November 7, 2016
by Devin Yaung
How and why APEC businesses are betting on the internet of things.
Like cloud technology before it, the internet of things (IoT) did not immediately strike company leaders as a technology they must invest in or suffer consequences.
That is changing—and the shift is readily apparent among companies operating in countries in the Asia-Pacific Economic Cooperation (APEC). Sensors embedded in oil and gas pumps that send performance data to operations centers and the ability to track a fish from a pond in Java to a plate in a Singapore restaurant are just two examples of the IoT in action. A core set of APEC businesses already receive such information from an ever-expanding network of connected devices. Additional companies in the region will follow the early adopters.
The PwC 2016 APEC CEO Survey shows that over the next three years, more APEC companies expect to implement and expand IoT technologies in an effort to lower operating costs and transform machine data into insights they can use to improve customer experiences and enhance product and service offerings. With IoT in Asia, it’s no longer a matter of if, but when.
When a “legacy” industry has a leg up
Here’s the twist: The typical pattern of industrial or “legacy” sectors struggling to catch up to consumer enterprises—which are usually quicker to ascend the adoption curve—may not apply in the IoT.
Why? Two words: Industry 4.0. Heavy industry has been working with IoT technologies for some time now. After all, connected devices are essentially a modern extension of the manual gauges and indicators that have always been built in to industrial machinery.
Manufacturers and industrial products businesses have the largest numbers of devices and appliances that will need to be digitally upgraded to take advantage of the IIoT—and they also have much to gain. They can take advantage of the IoT lead they have established simply by virtue of being in a sector where machinery must be monitored around the clock.
IC Insights estimates that the market for global sensors and actuators alone—from industrial machine monitoring to smartphones to wearables—will reach $13.4 billion in 2020, up from $10.2 billion in 2015. The automotive and industrial sectors are expected to be the primary drivers of this increase, and these industries have long thrived in Asia-Pacific. Meanwhile, APEC is forecast to capture 56 percent of the sensors and actuators market by 2020, up from 36 percent in 2005. IDC estimates that the market for IoT solutions (including sensors, connectivity, and IT services) is even larger.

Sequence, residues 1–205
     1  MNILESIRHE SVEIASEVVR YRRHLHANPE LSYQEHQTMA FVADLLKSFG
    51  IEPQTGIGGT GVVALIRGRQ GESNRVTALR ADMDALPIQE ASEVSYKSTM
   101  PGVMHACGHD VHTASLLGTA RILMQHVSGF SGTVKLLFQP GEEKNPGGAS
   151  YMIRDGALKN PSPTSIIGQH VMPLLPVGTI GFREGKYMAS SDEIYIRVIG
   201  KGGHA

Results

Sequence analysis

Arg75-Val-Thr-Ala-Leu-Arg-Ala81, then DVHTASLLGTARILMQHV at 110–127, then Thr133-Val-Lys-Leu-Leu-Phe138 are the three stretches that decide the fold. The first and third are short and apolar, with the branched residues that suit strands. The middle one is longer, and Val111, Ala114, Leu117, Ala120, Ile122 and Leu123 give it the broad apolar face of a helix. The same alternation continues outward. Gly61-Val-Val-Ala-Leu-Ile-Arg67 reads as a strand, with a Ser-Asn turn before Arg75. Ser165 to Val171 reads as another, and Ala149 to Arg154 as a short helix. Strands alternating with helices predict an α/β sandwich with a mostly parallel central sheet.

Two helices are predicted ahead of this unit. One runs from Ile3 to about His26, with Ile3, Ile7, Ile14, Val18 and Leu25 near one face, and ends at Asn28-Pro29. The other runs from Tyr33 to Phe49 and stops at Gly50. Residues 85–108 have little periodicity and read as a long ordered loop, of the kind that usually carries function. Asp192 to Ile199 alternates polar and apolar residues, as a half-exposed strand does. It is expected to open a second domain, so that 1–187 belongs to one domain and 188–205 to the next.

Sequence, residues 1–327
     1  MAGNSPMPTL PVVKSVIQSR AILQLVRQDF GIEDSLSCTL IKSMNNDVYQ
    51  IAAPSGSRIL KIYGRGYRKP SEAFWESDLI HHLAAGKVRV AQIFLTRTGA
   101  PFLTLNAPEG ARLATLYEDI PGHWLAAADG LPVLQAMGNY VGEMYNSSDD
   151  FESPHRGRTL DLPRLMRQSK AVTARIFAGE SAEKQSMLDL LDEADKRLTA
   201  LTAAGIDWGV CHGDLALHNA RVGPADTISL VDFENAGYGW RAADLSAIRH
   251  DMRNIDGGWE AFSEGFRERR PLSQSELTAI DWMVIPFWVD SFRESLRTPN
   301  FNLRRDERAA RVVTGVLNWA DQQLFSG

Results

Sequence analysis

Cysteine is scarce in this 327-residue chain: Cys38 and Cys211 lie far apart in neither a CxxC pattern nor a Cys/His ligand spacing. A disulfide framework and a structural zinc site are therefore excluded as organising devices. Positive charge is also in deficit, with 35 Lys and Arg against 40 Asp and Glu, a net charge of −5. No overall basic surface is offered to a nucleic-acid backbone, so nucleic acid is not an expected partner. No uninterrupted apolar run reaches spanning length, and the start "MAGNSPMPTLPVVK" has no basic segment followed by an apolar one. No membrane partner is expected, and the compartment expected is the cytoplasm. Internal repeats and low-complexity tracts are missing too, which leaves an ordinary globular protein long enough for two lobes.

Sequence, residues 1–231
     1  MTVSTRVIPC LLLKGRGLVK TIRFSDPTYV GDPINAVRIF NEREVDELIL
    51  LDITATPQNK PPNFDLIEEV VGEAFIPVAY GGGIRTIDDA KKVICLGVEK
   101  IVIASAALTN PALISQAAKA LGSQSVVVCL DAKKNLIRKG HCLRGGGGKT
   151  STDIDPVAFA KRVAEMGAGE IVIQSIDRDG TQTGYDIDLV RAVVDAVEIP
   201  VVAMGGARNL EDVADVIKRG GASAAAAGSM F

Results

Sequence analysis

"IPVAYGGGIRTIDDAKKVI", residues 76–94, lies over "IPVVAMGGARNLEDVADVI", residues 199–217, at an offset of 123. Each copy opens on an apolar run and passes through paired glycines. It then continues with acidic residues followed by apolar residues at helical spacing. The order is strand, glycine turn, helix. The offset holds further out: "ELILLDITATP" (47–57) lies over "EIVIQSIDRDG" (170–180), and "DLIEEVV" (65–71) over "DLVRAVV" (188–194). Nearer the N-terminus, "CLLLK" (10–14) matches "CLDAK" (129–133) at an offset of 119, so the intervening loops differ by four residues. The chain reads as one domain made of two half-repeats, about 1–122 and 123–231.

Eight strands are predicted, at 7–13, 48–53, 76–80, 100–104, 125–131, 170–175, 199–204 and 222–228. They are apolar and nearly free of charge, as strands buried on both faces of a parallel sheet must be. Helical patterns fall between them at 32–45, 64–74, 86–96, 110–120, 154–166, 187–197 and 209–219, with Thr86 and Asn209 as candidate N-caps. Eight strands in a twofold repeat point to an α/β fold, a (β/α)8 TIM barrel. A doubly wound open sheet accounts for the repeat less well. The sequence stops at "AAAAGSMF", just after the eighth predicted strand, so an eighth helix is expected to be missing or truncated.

When companies start implementing IoT technologies, they must consider a range of issues—not least of which is security. High-profile IoT attacks like the distributed denial-of-service attack that hobbled the internet in the eastern United States in October are a constant reminder that the IoT’s benefits come with risk.
Business concerns over security vulnerabilities and the lack of common technical standards for data usage to protect privacy and ensure data security are top of mind. One in four APEC CEOs agreed they would be “highly likely” to invest more in IoT if regulations or standards for data security and privacy were the same across the region.
On the path from point solutions to ecosystems
PwC’s survey found that APEC companies today tend to use connected devices as point solutions, collecting and receiving the data they generate for a single purpose, such as early reads on equipment malfunctions, tracking inventory, or connecting their workforce. Not surprisingly, the survey showed that CEOs in Asia view these types of operational, cost-cutting efficiencies as the main return on investment for IoT technologies.
APEC CEOs are laying the groundwork for what IoT will become in the region, home to the world’s established manufacturing centers. These companies will look beyond lowering operational expenditures and will start to innovate in the same ways consumer companies already do, using connected devices to track end-consumer behavior and optimize experiences based on that data—and potentially expand or replace product offerings with services.
For manufacturers and industrial products businesses, connecting products in the industrial internet of things (IIoT) will likely mean getting closer to end users in a way they haven’t been able to before. Industry 4.0 offers industrial companies the chance to forge a direct relationship with consumers because it can shrink the factory floor to “a lot size of one.” For example, an apparel maker can offer customers the option to design exactly what they want in a piece of clothing so it can then produce that custom apparel in near real time.
The APEC CEOs in the financial services, technology, and consumer-facing sectors also expect to create services based on improved customer experiences. These responses signal where IoT systems design is likely heading. Today, applications of IoT are proliferating in electronics, such as thermostats that know you’re in the room, and in retail products, such as athletic clothing that sends biometric data to the cloud for real-time analysis. APEC financial services CEOs, particularly insurance providers, are looking at ways their IoT investments can help mitigate risk.
Technology innovations often originate in Asia, and the IoT is no exception. From streamlining operations to striking out to explore the relatively untested terrain of near-real-time manufacturing, APEC CEOs are bullish about the advantages they could gain from investing in connected devices and using sophisticated analytics to transform that device data into insights about their customers, products, and the state of their industry.
To explore the full extent of APEC CEOs’ current and future IoT technology investments, download the survey.